I don’t think I placed enough emphasis on the need for achieving the best possible balance in the poem, painting or piece of music, between dark and light, though I did develop the idea to some extent. I wrote that poetry is courage, the courage to face horrors and accept them into a pattern which acknowledges pity, terror, violence, hope, joy, love and creativity. Poetry does not run away from pain, nor does it court it masochistically. Poetry faces what is there and, like all art, puts it into some kind of perspective.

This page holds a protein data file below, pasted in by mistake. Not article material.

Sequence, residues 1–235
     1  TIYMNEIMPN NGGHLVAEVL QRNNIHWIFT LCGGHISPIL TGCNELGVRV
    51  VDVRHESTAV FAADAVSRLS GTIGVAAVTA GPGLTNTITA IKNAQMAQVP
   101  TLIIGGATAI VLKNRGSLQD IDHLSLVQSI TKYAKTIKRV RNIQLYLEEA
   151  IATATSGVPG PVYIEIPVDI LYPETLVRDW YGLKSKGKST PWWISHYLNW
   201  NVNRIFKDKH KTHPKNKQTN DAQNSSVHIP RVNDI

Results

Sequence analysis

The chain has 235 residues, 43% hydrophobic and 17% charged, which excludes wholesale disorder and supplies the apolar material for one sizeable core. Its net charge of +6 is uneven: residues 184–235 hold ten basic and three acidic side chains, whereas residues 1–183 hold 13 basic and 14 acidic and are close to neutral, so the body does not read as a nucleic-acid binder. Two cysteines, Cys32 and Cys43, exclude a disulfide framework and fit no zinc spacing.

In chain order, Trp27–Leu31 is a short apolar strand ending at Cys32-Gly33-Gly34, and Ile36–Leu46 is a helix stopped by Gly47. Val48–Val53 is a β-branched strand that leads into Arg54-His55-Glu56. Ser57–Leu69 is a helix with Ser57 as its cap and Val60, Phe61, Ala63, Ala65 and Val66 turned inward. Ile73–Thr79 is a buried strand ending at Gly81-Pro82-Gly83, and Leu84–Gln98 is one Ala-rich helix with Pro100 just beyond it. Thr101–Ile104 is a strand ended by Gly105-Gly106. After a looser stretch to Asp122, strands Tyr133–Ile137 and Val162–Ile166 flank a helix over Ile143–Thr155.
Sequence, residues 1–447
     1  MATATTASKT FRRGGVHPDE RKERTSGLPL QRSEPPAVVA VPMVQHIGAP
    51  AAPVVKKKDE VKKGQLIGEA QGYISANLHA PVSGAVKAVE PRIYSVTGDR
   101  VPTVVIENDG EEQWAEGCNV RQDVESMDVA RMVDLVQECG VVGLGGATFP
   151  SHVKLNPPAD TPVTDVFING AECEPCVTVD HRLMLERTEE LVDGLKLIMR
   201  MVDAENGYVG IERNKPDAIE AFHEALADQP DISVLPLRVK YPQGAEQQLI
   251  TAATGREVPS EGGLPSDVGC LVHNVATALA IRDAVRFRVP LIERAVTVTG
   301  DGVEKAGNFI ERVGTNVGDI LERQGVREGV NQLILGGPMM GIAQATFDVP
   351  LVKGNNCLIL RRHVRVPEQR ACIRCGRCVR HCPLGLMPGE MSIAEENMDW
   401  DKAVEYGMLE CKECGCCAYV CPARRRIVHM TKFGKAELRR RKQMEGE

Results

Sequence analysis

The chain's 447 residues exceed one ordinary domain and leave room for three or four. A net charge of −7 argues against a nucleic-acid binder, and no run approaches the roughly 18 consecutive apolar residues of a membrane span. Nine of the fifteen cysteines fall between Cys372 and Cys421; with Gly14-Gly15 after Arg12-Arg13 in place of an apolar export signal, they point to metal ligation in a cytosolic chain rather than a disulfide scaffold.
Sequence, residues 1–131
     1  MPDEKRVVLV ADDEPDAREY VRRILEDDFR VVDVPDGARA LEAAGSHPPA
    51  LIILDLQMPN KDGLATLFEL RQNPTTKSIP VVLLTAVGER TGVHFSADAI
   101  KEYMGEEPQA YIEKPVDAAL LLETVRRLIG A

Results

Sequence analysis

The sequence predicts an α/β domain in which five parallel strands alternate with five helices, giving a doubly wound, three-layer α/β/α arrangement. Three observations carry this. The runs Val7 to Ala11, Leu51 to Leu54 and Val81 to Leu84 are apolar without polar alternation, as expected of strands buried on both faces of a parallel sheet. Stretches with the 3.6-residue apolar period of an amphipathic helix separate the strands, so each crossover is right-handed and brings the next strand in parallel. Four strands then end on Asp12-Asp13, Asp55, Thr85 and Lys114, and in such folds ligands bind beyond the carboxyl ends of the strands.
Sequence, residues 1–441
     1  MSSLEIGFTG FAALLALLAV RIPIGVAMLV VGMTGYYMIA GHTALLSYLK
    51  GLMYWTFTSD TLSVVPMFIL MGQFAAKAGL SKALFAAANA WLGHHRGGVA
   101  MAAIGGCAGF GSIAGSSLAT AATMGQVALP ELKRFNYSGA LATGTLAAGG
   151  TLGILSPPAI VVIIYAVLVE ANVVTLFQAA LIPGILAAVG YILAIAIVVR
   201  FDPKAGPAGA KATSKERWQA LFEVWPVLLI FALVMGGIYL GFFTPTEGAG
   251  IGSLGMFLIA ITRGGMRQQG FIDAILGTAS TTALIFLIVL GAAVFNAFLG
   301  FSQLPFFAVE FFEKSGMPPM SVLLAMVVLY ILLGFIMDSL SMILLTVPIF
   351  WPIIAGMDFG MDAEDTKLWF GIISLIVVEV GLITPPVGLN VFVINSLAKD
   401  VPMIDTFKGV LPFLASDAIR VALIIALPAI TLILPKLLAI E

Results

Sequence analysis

Art/poetry is hope. There is no need to try and run away from hurt if hurt is there to be felt. Beauty is in the whole of life and poetry reminds you of harmony and rest even in the midst of pain and torment. Poetry reminds you of the best even in the midst of the worst. It can accept and express despair, but the very act of writing a poem somehow transcends or counteracts it. The act of writing (or committed reading) implies the hope of resolution and of the existence of other values, of understanding, of reaching out and touching, if not another mind, and at least an unperturbed and accepting part of yourself. Poetry endorses life, accepts death and always affirms.